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Pelvic Organ Prolapse

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  • Pelvic organ prolapse

    Pathophysiology

    Pelvic organ prolapse is the abnormal descent or herniation of the pelvic organs from their normal attachment sites or their normal position in the pelvis. The pelvic structures that may be involved include the uterus (uterine prolapse) or vaginal apex (apical vaginal prolapse), anterior vagina (cystocele), or posterior vagina (rectocele). Many parous women may have some degree of prolapse when examined; however, most prolapses are not clinically bothersome without specific pelvic symptoms, and they may not require an intervention.

  • Pelvic organ prolapse

    Disease statistics

    Pelvic organ prolapse (POP) mortality is rare due to this health issue, it has been shown that self-perception of the body is significantly affected in those with symptoms.[1] Data from 1997 shows close to 350,000 pelvic organ prolapse operations performed in the United States alone.Furthermore, it is expected that 11% of women over the age of 80 will undergo surgery for such conditions, with an additional 30% who will require a repeat surgery.[3] The direct cost based on this data is estimated to be over one billion dollars.The prevalence of urinary incontinence is thought to vary from 17-45% among adult women.[4] Likewise, 50% of parous women have pelvic organ prolapse.[3] The distribution of the severity of this condition among the general population has been studied since the development of a standardized evaluation method known as the pelvic organ prolapse quantification system (POP-Q). An initial study showed a bell-shaped curve distribution with the majority of women having Stage 1 or 2 prolapse in a population of 497 women greater than or equal to 18 years of age with a mean age of 44 years.[5] These stages were defined as the distal end of the prolapse being >1 cm and ≤ 1cm of the hymen during abdominal straining, respectively. A more progressive prolapse was noted in women greater than 40 years of age with 21% being in the age group of greater than the age of 70, suggesting that age plays a role.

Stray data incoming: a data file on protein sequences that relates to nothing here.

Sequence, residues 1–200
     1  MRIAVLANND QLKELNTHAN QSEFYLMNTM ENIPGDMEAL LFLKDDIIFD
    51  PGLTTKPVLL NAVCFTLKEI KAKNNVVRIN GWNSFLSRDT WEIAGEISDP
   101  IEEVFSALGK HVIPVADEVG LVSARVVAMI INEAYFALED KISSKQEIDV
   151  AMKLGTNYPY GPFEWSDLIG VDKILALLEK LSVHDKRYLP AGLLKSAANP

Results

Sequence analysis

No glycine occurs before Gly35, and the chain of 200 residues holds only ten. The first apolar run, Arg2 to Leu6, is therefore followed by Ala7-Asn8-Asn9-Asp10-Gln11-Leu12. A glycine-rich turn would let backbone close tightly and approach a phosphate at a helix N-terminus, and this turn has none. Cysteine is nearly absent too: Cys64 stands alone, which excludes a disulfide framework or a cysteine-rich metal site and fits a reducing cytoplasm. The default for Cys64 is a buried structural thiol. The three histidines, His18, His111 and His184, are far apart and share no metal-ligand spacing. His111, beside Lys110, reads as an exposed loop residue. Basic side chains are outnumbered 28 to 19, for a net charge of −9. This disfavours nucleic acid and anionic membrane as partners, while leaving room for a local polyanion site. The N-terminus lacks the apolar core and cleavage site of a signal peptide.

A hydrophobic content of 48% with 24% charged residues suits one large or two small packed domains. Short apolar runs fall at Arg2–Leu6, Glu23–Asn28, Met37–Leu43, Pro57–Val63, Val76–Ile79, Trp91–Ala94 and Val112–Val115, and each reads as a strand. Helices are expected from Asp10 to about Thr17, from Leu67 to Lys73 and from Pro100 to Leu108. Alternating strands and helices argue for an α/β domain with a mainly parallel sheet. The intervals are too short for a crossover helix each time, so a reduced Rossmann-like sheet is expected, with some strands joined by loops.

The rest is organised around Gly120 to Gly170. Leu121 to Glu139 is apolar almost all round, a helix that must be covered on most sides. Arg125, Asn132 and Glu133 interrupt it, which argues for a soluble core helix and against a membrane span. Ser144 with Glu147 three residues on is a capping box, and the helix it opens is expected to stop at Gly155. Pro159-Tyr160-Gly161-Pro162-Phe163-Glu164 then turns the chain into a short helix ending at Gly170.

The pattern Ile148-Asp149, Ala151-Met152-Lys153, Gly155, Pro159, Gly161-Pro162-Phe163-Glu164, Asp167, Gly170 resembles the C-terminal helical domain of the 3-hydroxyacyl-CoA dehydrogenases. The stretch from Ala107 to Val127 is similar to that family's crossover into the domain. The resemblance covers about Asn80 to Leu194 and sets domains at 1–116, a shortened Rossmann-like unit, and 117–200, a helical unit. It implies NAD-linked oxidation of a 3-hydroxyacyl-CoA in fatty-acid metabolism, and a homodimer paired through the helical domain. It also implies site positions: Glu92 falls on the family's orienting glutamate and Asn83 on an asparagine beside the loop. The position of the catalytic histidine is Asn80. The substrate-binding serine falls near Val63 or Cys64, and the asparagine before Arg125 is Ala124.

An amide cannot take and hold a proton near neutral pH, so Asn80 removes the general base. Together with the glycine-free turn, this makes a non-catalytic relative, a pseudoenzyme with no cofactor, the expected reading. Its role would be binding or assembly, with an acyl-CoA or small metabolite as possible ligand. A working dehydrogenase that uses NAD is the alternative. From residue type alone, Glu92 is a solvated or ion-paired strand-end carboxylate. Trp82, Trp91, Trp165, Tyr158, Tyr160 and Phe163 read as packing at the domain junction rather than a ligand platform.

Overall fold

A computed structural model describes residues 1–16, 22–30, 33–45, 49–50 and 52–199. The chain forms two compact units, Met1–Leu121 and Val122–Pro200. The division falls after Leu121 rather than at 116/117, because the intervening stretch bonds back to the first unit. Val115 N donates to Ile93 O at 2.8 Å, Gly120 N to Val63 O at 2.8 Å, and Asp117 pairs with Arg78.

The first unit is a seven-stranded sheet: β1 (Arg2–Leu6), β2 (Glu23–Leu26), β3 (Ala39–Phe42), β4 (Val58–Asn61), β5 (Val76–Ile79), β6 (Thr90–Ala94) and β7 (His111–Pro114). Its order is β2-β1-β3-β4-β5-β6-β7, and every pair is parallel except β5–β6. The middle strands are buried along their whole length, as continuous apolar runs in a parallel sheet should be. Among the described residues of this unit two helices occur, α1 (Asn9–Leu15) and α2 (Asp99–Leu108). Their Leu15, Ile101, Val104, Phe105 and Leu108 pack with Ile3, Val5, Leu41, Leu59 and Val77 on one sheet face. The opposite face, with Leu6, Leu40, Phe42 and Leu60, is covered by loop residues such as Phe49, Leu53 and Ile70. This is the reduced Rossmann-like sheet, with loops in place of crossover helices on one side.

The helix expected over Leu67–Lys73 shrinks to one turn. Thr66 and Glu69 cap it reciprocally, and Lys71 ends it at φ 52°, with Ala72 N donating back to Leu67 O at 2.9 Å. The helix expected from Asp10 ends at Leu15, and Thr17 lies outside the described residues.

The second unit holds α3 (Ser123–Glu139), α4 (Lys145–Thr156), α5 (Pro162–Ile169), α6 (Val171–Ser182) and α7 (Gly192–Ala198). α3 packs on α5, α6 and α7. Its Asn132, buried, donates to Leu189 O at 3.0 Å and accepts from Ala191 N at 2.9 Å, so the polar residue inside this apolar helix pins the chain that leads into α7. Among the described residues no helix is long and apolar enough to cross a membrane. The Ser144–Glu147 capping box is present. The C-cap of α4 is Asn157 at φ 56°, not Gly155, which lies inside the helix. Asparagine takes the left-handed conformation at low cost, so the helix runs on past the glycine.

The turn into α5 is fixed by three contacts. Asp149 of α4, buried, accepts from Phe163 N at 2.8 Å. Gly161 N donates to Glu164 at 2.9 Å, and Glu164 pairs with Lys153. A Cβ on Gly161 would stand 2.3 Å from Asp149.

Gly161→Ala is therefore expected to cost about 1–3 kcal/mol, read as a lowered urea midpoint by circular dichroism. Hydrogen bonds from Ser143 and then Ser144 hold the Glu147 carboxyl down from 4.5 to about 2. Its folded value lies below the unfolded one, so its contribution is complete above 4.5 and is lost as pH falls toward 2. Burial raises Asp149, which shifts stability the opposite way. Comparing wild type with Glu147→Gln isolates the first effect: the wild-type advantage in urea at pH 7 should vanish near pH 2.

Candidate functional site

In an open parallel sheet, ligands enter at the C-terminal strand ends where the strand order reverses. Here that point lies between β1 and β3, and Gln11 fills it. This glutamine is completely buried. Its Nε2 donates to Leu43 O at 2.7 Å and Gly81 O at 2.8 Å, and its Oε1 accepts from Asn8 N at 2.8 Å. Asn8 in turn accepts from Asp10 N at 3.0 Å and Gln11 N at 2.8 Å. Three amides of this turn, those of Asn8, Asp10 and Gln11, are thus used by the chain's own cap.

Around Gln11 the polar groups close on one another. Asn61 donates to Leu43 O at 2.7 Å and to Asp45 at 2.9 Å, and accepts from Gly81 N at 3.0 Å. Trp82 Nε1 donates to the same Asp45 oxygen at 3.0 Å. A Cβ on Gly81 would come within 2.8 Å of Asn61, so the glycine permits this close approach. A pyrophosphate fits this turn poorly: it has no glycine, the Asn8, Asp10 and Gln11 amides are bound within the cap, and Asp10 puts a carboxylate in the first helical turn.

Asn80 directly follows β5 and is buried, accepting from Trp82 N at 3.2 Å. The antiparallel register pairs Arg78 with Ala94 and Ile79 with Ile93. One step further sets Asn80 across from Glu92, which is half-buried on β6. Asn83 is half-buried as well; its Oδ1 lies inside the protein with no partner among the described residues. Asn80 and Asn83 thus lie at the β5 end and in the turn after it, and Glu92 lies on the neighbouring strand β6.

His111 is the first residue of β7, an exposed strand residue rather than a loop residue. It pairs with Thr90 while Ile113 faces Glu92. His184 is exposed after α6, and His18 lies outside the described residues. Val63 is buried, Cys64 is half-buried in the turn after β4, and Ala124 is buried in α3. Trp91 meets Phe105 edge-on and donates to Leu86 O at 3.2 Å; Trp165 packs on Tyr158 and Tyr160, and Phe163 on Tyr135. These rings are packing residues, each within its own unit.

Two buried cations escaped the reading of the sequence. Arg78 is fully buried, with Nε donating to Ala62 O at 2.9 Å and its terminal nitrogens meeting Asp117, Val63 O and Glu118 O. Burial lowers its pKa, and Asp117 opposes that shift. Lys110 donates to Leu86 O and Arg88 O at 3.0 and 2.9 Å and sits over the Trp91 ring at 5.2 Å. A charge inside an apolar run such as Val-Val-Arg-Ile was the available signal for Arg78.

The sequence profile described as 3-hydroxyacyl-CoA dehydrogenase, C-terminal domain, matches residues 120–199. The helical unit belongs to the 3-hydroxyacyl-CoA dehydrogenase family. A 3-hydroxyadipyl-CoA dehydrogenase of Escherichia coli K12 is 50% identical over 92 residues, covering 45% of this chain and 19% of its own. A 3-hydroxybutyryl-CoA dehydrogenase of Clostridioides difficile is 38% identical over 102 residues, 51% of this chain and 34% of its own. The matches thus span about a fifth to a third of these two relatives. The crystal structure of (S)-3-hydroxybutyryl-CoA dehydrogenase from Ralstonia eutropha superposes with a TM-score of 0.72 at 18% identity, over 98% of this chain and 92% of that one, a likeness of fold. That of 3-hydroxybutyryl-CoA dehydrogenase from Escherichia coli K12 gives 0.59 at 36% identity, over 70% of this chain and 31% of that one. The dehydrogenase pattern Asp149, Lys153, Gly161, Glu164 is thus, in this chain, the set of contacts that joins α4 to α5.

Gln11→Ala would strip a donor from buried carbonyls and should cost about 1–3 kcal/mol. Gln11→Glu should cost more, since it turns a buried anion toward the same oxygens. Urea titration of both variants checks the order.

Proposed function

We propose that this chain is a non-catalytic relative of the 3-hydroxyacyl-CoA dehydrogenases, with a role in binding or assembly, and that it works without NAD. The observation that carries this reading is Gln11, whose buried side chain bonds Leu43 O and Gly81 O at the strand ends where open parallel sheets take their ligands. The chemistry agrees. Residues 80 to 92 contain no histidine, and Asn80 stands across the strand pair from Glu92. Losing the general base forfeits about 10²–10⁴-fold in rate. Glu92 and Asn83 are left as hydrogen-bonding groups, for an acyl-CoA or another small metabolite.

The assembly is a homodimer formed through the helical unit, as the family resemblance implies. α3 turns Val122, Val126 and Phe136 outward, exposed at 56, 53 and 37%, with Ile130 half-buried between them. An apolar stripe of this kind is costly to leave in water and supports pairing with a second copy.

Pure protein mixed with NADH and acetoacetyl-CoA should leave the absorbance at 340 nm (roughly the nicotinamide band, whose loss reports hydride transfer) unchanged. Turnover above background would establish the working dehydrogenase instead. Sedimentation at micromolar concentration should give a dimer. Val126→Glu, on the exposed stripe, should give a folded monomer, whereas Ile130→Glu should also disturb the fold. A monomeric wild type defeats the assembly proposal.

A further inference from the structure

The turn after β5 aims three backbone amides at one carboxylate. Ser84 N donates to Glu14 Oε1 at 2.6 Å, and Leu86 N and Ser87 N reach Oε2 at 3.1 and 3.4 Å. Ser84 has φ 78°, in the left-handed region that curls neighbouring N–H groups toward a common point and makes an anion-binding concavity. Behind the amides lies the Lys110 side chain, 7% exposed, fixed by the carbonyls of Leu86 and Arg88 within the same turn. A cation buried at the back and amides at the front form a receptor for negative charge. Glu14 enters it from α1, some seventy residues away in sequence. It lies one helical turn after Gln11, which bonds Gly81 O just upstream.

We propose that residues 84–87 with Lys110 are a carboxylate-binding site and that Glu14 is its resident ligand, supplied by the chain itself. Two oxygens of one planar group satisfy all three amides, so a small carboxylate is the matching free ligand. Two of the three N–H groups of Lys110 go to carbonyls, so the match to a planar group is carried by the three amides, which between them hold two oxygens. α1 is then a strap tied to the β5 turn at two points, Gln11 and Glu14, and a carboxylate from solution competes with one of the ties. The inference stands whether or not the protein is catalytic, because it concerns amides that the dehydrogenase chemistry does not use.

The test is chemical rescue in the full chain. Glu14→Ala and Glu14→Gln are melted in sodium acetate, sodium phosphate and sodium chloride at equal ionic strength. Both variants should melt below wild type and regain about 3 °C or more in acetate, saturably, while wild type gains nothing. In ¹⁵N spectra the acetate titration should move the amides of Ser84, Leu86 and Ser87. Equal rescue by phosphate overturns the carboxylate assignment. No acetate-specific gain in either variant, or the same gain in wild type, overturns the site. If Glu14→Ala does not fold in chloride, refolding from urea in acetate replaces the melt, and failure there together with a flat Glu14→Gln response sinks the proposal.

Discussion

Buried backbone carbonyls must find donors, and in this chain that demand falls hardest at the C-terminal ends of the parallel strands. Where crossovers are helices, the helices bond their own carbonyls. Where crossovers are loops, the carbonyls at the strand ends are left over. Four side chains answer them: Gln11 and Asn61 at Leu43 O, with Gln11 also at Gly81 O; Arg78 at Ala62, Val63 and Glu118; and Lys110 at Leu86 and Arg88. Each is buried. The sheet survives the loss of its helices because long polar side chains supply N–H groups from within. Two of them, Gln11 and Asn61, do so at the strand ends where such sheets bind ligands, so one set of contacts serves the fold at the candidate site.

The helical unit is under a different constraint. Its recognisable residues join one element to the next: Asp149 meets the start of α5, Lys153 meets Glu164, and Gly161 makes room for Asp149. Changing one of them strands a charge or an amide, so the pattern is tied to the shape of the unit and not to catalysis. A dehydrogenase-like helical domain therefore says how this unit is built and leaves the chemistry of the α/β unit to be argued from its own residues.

• Pelvic organ prolapse

    Treatment

    If you do not have any symptoms or if your symptoms are mild, you do not need any special follow-up or treatment beyond having regular checkups. If you have symptoms, prolapse may be treated with or without surgery. Often the first nonsurgical option tried is a pessary. This device is inserted into the vagina to support the pelvic organs. Targeting specific symptoms may be another option. Kegel exercises may be recommended in addition to symptom-related treatment to help strengthen the pelvic floor. Weight loss can decrease pressure in the abdomen and help improve overall health. If your symptoms are severe and disrupt your life, and if nonsurgical treatment options have not helped, you may want to consider surgery.

  • Pelvic organ prolapse

    Research

    Each year, 225,000 women in the Australia undergo surgery for pelvic organ prolapse, but little is known about long-term surgical outcomes,” and pelvic reconstructive surgeon at the University and first author on the study. “As our population ages, more and more women are going to be affected by pelvic organ prolapse, so it’s critical to know whether these surgeries are effective.”

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